Whether you are hitting the road with your teacup poodle, a tomcat, or a terrier, there’s some special considerations to find the best lodging for you and your pet. While more and more hotels are becoming pet-friendly, you still need to be prepared for the following.
1. Double-check pet fees and restrictions.
Accommodations often have restrictions on the size and age of animals (puppies tend to be discouraged). Fees can range from a nominal daily charge to a refundable damage deposit to a hefty nonrefundable flat fee. Some places hit you with daily fees and require a nonrefundable deposit of $100 or more. Make sure you get an itemized list of all additional fees and are clear on which are nonrefundable. Note that daily fees can vary depending on the size or type of pet.
2. Scope out the surroundings.
Looking at a hotel’s Web site may not be enough to determine whether the surrounding area is suitable for walking dogs. Chain motels in particular are often along busy roads with no grass in sight. When booking, ask about local green spaces and the safety and general noise level of the area.
3. Look for pet extras.
Services are especially useful in urban areas where you’re more likely to leave your pet behind while sightseeing. Many hotels offer special beds and treats, dog-sitting and dog-walking services, and even spa services and pet-centric activities and events. Before you settle, shop around to see which hotel offers the most support for your pet.
4. Request a ground-floor room.
This is convenient for late-night potty runs, and means little unnecessary schlepping for you at properties that don’t have elevators.
5. Be wary of special “pet rooms.”
Often pet owners will get stuck in smoking rooms or older rooms with worn furnishings. When booking, ask tough questions about how the pet rooms differ from the rest of the property, and make clear your request for a no-smoking room.
6. Opt for apartment living.
All-suite hotels or serviced apartments will give you the space you need to make sure you and your pet are comfortable. If you’re staying in one place for a more than a week, don’t underestimate the value of a place that resembles home—with a kitchen in which to arrange food dishes, a bathroom that can comfortably accommodate a litter box, and a bedroom with a door you can shut if anyone needs time out.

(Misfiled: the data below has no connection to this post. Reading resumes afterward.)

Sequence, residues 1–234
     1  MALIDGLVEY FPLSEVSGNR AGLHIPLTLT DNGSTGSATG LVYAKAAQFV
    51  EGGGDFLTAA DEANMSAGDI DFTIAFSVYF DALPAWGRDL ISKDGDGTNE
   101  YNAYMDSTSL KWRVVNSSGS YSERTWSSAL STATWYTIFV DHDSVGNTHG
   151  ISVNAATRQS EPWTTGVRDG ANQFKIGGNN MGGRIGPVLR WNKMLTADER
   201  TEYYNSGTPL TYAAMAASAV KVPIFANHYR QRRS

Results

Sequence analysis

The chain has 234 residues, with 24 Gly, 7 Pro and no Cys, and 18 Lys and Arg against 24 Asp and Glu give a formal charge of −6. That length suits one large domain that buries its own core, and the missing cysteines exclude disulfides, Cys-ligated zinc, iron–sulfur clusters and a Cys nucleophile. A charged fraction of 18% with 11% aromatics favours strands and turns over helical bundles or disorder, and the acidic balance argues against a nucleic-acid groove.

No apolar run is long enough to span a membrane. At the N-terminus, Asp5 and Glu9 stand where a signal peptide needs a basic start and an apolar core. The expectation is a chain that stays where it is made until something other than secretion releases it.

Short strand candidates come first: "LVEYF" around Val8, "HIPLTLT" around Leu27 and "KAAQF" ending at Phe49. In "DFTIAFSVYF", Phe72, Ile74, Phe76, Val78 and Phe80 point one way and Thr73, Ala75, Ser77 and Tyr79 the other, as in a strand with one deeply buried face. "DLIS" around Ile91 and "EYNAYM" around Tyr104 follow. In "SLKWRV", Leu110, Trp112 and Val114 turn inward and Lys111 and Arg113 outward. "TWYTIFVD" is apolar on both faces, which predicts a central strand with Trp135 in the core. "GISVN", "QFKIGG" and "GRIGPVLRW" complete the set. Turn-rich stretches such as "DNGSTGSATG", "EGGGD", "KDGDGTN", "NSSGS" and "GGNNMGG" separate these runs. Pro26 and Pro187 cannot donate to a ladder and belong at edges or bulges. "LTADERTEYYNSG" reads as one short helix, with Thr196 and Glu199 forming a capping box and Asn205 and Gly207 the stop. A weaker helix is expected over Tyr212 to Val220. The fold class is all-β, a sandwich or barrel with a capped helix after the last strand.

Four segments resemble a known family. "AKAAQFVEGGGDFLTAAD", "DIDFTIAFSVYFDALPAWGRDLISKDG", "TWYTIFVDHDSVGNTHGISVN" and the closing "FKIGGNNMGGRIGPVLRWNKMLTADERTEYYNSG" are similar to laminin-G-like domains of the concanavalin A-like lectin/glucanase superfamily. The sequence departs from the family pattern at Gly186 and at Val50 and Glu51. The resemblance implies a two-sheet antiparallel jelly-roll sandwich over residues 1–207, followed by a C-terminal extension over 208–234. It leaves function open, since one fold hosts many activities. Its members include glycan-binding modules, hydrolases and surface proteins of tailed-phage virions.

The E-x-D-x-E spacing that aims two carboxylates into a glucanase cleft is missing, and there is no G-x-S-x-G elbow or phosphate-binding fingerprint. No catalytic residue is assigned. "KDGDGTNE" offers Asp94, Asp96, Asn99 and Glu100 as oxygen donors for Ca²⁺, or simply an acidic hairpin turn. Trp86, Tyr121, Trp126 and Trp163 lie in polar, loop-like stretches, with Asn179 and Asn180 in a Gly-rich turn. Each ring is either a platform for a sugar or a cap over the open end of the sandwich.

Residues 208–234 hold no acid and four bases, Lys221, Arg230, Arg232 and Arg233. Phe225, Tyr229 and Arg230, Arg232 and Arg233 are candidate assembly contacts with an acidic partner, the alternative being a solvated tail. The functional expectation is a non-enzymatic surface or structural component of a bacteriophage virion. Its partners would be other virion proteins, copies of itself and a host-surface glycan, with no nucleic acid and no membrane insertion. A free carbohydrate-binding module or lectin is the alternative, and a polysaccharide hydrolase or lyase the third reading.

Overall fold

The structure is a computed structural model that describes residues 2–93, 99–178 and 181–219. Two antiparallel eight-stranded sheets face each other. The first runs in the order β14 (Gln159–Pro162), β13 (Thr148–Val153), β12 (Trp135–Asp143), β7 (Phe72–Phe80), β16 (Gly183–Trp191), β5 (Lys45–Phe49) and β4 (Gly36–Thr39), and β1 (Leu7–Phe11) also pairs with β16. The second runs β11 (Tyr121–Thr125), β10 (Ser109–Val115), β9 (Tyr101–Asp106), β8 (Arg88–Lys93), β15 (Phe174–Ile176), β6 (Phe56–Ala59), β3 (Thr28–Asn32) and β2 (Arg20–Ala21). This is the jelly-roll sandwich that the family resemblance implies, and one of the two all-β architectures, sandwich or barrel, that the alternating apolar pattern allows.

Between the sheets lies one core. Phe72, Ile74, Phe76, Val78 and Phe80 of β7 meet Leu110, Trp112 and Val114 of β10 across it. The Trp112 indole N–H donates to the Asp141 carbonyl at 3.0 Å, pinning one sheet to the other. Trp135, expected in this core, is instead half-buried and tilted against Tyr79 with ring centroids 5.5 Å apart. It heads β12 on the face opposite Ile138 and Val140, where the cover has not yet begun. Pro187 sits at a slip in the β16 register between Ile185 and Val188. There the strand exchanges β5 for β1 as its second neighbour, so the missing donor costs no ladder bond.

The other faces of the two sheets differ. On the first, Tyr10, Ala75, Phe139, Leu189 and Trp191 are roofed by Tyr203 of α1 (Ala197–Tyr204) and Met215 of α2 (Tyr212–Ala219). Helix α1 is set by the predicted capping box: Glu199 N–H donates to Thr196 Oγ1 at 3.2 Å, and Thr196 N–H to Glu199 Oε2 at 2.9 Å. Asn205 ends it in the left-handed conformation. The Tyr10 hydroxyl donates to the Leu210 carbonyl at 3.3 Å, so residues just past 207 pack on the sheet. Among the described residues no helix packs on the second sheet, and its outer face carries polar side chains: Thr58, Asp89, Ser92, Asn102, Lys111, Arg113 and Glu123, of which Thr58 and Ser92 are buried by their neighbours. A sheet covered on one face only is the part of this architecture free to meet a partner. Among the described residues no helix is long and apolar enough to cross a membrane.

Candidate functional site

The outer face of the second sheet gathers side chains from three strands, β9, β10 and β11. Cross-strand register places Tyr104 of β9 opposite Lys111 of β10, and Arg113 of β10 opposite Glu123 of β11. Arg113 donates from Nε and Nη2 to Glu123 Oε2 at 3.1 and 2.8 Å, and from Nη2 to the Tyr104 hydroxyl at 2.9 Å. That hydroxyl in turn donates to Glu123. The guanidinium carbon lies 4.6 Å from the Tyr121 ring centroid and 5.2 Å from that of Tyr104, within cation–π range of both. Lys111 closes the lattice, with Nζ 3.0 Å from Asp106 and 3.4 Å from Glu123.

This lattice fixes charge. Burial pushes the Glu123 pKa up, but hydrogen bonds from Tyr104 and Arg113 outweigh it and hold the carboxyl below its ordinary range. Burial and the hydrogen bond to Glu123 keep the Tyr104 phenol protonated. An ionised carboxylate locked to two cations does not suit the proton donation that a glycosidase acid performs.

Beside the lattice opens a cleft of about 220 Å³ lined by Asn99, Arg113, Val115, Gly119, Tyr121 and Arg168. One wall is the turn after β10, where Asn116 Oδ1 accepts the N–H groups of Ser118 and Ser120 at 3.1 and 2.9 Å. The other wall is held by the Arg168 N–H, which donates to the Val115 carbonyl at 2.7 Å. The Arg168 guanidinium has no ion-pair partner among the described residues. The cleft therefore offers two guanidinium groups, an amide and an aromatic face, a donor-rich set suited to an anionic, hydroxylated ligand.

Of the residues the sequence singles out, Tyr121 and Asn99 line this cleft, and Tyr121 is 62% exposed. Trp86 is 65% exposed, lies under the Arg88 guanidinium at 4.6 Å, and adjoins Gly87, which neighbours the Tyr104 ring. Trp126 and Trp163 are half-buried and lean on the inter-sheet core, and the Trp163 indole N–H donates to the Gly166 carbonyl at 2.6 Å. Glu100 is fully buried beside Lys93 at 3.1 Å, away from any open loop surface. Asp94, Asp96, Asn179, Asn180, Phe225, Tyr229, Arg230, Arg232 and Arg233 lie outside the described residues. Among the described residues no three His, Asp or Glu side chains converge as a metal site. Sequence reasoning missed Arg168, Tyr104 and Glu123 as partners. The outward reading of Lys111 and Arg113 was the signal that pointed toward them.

7. Use a crate or carrier when leaving your pet alone in the room.
This is for the safety of your pet and of the lodging employees, who might enter the room to clean. Also, be sure he will not disturb other guests while alone. If you must let your pet roam while you’re out, it’s best to hang the “Do Not Disturb” sign on the door. Note that some establishments won’t allow you to leave a dog alone in a room even if it’s crated.
8. Control who comes into contact with your pet.
Allowing too many people to say hello to him may add to his stress (and yours). Watch your pet for signs of anxiousness—yawning, excessive panting, avoiding eye contact—and give him a place to relax quietly. Most pets should have no more than one hour of intense meeting and greeting a day.
9. Deal with damaged property immediately.
If your pet damages anything, immediately discuss the situation with the manager—don’t wait until checkout to resolve such matters.
10. Find out where Fido can stay.
There’s also a handful of Web sites out there have hotel recommendations and answers to travel-with-pets related questions. OfficialPetHotels.com features more than 10,000 pet-friendly properties in 35 U.S. cities. Petswelcome.com lets you search by larger dog or cat-friendly hotels and has international as well as U.S. lodgings. Dogfriendly.com has lists upon lists to help you plan, including those for top off-leash parks and pet-friendly vacation rentals.